Speaking of that, I would like humbly to request that, for those of you who have read my stories and books, could you perhaps take a moment to go to Amazon and rate and/or review them?  I considered doing it myself, as a kind of joke—making it clear that I was the author writing the review—but that seemed just too cheesy, and I don’t think Amazon lets authors do that, anyway.  I’m fairly sure they block reviews from people who have a financial interest in a book, which seems impressively and surprisingly ethical of them.  I can’t help but approve.

Finally, I’m thinking about releasing another of my songs as an official “single” to be put up on Spotify, YouTube Music, iTunes, Pandora, etc., like Like and Share, Schrödinger’s Head, and Catechism, but I only have two more original songs so far that could be so released:  Breaking Me Down and Come Back Again.  I’ve linked to their “videos”, so if any of you want to have a listen and give me your recommendations—even if that includes a recommendation never to allow human ears to hear the songs again for the sake of all that’s good and pure—I’ll gladly take your input.  I won’t necessarily follow it, but I would love to have it.

With that, I’ll leave you again for this week.  I’ve still not been able to kick-start myself into doing more with Iterations of Zero, though I have drafts of a few things.  Keep your eyes open, if you’re interested.  And, honestly, do consider reading The Chasm and the Collision.  Heck, if you can figure out how to work it out, I’ll gladly autograph a copy for you, for what that’s worth.  Most importantly, continue to take good care of yourselves and your family, friends, and neighbors, and stay safe and healthy.

TTFN

CatC cover paperback


*No, I haven’t gotten over it yet.  Maybe I’ll try to do one of them a year or something, perhaps around Halloween.

**Including, but not limited to, medical school, residency, moving to Florida, having kids, acquiring a severe back injury and chronic nerve pain, getting divorced, spending time as an involuntary guest of the Florida DOC and as a consequence being unable to practice medicine or vote among them…all sorts of interesting things that make for a most stormy life so far.

***Interspersed with reading Why We Sleep, by Matthew Walker, PhD.  This is a very good and, I think, very important book.  I encourage you to read it.

My soul’s imaginary sight presents thy shadow to my sightless blog, which, like a jewel hung in ghastly night, makes black night beauteous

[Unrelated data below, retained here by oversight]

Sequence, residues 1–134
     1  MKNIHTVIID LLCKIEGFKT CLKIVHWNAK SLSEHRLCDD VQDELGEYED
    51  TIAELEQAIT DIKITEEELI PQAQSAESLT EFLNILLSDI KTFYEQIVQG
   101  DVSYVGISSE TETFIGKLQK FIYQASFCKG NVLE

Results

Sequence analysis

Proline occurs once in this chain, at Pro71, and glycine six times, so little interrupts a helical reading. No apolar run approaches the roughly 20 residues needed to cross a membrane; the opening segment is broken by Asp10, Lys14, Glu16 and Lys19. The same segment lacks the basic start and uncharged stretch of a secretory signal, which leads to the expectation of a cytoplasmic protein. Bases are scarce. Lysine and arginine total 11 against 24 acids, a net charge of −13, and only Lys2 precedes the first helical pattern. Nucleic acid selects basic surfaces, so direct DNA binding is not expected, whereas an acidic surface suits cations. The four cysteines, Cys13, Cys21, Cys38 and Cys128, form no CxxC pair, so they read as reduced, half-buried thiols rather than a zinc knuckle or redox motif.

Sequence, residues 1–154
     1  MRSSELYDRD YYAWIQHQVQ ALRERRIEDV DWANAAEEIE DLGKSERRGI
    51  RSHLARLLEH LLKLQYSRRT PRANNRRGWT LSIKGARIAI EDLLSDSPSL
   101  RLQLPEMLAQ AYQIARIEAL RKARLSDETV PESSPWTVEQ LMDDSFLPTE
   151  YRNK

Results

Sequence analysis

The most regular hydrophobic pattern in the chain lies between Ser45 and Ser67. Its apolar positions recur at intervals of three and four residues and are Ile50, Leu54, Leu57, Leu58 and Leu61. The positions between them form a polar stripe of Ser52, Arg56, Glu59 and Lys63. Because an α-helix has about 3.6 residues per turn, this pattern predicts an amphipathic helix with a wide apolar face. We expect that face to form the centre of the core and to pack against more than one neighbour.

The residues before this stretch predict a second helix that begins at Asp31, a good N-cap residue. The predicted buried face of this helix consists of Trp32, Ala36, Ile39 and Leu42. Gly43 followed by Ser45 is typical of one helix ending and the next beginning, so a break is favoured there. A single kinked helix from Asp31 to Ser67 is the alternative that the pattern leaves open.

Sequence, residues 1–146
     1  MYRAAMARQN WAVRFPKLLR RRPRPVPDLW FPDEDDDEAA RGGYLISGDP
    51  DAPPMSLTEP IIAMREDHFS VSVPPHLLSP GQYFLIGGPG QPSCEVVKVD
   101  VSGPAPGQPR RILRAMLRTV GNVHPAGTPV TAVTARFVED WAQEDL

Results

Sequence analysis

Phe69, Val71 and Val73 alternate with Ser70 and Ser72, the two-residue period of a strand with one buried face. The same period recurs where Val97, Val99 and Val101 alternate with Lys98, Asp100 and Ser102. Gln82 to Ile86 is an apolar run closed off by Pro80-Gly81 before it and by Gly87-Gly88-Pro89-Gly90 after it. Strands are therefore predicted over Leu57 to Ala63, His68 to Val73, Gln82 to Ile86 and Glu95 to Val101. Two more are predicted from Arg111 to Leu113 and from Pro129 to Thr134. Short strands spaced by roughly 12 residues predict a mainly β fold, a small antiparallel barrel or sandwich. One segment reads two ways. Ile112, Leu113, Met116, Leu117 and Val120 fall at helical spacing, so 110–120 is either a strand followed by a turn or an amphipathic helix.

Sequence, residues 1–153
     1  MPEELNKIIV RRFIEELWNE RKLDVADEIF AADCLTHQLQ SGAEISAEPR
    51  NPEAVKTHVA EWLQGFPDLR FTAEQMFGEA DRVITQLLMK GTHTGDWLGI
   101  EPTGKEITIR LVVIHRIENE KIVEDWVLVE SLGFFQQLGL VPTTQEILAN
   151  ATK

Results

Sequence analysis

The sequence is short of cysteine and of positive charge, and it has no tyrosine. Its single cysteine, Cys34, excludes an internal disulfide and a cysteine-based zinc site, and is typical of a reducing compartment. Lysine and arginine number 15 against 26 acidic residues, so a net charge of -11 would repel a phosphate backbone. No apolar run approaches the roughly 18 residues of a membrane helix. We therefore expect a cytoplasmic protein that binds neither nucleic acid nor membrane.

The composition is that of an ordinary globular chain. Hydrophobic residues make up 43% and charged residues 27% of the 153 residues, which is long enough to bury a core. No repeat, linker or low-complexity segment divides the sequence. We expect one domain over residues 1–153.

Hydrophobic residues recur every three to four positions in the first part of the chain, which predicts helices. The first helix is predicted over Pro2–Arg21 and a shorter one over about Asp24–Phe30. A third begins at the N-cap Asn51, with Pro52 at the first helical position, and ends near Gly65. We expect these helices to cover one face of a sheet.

Hello, good morning, and welcome to another Thursday and to another edition of my weekly blog post.  Welcome also to a new month (October, obviously), the first day of what has always been—for various reasons—my favorite month.  A major contributor to that favoritism is that, at the end of October comes Halloween, which is my favorite holiday.  It’s also the beginning—in northern parts of the northern hemisphere, anyway—of the real onset of Autumn, with leaves changing colors and becoming heart-rendingly beautiful as they prepare to drop off the trees before Winter sets in.  Such magical Autumn visions have come to feel almost like the memories of fever dreams for me as I spend an ever-growing fraction of my life in southern Florida, the state referred to by Homer Simpson as America’s dong*.  There is no real Autumn here, though at least the weather becomes slightly less hot and humid as the year wanes.  Autumn and Spring—and even Winter, frankly—are the best times to be in Florida.  How ironic that the season when most people come to visit is during the months of “summer vacation”, when heat, humidity, and near-daily thunderstorms are the norm.

Speaking of Autumn—because it, like my most recently published work, takes place in Autumn—things are moving along nicely in The Vagabond.  I’ve nearly finished my first read-through/edit of the book, making many minor modifications as I go along, and I’m approaching the final confrontation of the story.  It’s quite a lot quicker to read than Unanimity, being only about a third as long.  That’s not an insult to Unanimity or a special compliment to The Vagabond, by the way.  Each book is as long as it must be.  The Vagabond is a simpler, more straightforward story, though its events happen on something of a larger scale than those of Unanimity and have even more dire potential consequences if things end up badly.